“There is no sign for broccoli in American Sign Language (you just have to spell it out).

California is responsible for 90 percent of the broccoli grown in the United States.

China is the world’s largest broccoli producer, producing more than 8 million tons of the vegetable every year.

Broccoli was once known as Italian asparagus before finding its current name, which root lies in the Latin for “arm.”

The little florets of broccoli are buds ready to bloom: when left unharvested, broccoli will burst into a bunch of yellow flowers.”

DID YOU KNOW?  Broccoli is a nutrient powerhouse, helps with digestion, great for your heart, great for your bones, and a cancer-fighter.

“Broccoli is packed full of phytochemicals and antioxidants, including more vitamin C than an orange, more than 200 mg of potassium in just a half-cup serving, an unusually strong combination of vitamin A and vitamin K, and even a decent amount of protein (about 4 grams!).

If you’re facing digestive issues, broccoli’s fiber content may help. Just a cup of cooked broccoli contains 21 percent of your daily value of fiber. And the mere process of digesting broccoli sprouts has been proven to support the defensive system against oxidative stress in the colon.

Several different studies on flavonoid-rich foods have shown that while there is no across-the-board benefit of flavonoids when it comes to cardiovascular disease, several studies have shown that broccoli is an outlier: one study found that broccoli, along with tea and apples, had an inverse association with risk for cardiovascular disease in women, and another 1999 study in the American Journal of Epidemiology showed that while flavonoid intake did not lower risk of cardiovascular disease in menopausal women, broccoli consumption did.

Not only does broccoli contain calcium, it also contains all-important vitamin K, which improves the absorption of calcium, making it a double-hitter against bone diseases. The Physicians Committee for Responsible Medicine recommends that those at risk for osteoporosis up their intake of broccoli to prevent or even reverse the damage.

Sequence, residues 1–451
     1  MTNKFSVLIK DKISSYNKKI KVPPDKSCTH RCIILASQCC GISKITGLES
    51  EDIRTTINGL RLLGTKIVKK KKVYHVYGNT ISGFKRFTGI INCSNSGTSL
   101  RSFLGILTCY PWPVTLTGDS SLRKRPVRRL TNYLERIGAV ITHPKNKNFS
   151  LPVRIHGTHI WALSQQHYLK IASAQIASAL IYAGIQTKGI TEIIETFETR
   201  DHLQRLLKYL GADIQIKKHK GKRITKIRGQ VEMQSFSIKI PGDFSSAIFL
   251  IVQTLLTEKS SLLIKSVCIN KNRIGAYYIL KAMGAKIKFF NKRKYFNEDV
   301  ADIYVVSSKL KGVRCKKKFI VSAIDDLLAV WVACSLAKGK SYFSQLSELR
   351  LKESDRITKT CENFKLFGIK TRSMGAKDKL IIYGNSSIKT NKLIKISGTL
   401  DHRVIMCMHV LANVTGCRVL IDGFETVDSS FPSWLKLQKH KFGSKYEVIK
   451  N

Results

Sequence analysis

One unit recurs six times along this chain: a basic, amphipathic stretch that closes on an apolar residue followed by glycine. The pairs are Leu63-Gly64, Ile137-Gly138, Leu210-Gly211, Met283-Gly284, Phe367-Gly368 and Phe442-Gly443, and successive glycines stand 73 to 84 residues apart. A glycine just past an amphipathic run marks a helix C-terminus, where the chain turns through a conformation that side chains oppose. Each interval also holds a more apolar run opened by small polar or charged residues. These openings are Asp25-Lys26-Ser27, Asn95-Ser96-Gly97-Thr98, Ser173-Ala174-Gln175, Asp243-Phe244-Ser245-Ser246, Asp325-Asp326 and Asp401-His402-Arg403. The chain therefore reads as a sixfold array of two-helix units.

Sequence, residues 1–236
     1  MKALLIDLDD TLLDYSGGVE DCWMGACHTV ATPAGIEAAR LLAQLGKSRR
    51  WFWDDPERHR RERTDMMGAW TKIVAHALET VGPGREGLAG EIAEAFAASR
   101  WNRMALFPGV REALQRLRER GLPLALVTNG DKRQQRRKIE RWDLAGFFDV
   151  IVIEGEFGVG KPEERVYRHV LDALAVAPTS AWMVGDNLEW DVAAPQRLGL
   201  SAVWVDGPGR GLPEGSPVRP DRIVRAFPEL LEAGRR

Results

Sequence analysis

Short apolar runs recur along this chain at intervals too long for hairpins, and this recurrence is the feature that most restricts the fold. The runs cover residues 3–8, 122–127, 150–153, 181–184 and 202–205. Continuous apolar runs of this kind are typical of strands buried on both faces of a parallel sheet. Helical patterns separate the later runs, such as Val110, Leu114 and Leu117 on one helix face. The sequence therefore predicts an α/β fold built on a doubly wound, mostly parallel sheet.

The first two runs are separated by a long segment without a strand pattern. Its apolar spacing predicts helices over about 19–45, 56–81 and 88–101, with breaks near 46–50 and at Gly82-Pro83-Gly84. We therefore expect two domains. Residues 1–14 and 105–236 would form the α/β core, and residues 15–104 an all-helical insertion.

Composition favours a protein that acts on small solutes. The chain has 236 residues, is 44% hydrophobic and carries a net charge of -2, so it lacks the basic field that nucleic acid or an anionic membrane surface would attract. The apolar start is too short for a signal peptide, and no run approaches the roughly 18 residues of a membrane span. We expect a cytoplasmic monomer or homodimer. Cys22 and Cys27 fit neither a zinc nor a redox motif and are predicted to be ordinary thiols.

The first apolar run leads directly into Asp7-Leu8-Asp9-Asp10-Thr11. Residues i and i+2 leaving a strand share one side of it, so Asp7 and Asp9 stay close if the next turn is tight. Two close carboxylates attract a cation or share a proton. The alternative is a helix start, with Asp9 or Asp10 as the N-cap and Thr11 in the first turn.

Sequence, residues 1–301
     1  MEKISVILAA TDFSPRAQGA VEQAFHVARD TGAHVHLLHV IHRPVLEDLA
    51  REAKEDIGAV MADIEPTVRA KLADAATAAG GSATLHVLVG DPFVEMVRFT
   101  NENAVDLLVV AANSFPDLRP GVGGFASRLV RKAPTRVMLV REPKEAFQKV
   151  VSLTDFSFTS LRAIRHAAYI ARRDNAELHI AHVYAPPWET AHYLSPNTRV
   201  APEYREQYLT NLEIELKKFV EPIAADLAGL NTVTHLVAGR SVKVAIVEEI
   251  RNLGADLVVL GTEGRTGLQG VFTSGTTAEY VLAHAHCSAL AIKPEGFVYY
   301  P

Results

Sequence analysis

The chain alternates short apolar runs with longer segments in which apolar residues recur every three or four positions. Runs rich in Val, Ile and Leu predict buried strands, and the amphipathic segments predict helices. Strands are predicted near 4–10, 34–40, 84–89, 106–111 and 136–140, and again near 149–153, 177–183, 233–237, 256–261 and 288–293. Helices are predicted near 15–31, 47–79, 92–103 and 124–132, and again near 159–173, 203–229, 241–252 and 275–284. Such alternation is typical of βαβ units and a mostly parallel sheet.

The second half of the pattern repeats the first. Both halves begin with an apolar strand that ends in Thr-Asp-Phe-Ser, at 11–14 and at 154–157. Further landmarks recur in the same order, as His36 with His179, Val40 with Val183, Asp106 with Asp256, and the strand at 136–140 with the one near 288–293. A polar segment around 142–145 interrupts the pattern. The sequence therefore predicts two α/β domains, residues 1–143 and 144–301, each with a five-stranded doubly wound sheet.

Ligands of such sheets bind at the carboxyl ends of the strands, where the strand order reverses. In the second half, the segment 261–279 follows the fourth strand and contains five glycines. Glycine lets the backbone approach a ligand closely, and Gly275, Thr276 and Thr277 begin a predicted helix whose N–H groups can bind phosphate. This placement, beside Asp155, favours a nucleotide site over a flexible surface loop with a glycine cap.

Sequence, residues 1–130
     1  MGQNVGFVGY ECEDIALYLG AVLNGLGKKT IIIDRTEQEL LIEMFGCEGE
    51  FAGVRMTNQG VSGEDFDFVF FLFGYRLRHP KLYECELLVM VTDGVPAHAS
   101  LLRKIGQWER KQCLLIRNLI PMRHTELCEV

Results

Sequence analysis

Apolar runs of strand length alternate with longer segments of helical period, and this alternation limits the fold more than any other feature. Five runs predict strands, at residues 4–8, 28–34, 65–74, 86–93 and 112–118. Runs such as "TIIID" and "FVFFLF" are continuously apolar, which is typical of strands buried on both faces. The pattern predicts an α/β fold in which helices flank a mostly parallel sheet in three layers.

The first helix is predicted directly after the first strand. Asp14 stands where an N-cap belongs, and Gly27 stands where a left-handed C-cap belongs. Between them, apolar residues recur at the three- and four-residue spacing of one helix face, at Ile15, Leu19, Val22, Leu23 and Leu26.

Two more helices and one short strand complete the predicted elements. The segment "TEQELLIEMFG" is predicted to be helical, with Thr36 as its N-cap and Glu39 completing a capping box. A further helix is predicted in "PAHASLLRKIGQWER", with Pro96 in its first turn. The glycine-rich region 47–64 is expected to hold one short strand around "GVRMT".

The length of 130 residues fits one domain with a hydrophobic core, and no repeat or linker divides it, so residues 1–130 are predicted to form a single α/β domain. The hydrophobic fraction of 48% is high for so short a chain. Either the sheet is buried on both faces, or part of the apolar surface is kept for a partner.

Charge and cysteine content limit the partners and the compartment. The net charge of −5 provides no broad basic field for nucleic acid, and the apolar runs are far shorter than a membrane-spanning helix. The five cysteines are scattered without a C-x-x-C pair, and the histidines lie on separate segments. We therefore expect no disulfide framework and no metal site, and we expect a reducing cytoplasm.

The negative link between broccoli and cancer has been studied extensively, due in large part to the presence of sulforaphane. Aside from its DNA protection, sulforaphane fights cancer at all stages.

“Sulforaphane can attack cancer cells before they even begin to metastasize,” says Goldstein, who also notes that the compound can inhibit the enzyme deacetylase, which is involved in the progression of cancer cells.

To take even better advantage of this, you may want to seek out a specially engineered broccoli, a “super broccoli” that Justice says contains two to three times more glucoraphanin than regular broccoli. But don’t worry — it’s not a GMO.

A 2013 study also looked into the ways in which this compound could be used to target cancer stem cells with staggering results. Suffice to say, broccoli should be a big part of any anti-carcinogenic diet.”

DID YOU KNOW? There are many yummy recipes for broccoli.

Broccoli is more than a veggie side; it can be a whole meal or a flavorful way to dress up any meal, even a Thanksgiving or Holiday meal. For some fun recipes, check out Cooking with Grams.

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If you are interested in growing your own broccoli, check out these sites: – growing broccoli in a container; or; or

Until next Monday, please enjoy and share. I’d love to hear from all of you about broccoli, dishes you enjoy and other fun facts.

Elizabeth Fischer